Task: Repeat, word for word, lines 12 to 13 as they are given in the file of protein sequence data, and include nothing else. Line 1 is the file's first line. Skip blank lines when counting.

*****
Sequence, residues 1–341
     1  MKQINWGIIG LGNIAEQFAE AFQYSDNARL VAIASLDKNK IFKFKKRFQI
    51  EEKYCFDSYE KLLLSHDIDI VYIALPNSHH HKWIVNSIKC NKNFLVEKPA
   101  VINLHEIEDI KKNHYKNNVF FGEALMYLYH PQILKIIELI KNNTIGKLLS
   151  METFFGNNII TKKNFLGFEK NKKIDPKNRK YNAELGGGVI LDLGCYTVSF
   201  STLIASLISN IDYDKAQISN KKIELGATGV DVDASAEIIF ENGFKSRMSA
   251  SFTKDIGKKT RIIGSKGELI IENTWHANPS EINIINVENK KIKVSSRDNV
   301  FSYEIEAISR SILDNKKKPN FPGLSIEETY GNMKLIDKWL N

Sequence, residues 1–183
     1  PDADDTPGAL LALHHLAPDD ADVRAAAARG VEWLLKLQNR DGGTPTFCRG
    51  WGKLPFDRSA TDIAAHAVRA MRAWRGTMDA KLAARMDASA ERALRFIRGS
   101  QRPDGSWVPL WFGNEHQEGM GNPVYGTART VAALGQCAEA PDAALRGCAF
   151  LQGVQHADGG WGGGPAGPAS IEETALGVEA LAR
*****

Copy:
   101  QRPDGSWVPL WFGNEHQEGM GNPVYGTART VAALGQCAEA PDAALRGCAF
   151  LQGVQHADGG WGGGPAGPAS IEETALGVEA LAR